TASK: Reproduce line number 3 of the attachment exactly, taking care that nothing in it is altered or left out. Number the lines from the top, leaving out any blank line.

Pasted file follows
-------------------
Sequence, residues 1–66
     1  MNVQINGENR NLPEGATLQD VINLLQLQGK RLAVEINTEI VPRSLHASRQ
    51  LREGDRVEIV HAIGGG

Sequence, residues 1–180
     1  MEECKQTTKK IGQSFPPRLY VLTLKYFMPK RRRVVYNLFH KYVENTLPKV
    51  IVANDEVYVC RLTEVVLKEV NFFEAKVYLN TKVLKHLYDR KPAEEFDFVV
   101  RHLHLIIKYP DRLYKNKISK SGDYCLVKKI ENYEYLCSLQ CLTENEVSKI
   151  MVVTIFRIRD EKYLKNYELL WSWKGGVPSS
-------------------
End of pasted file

    51  LREGDRVEIV HAIGGG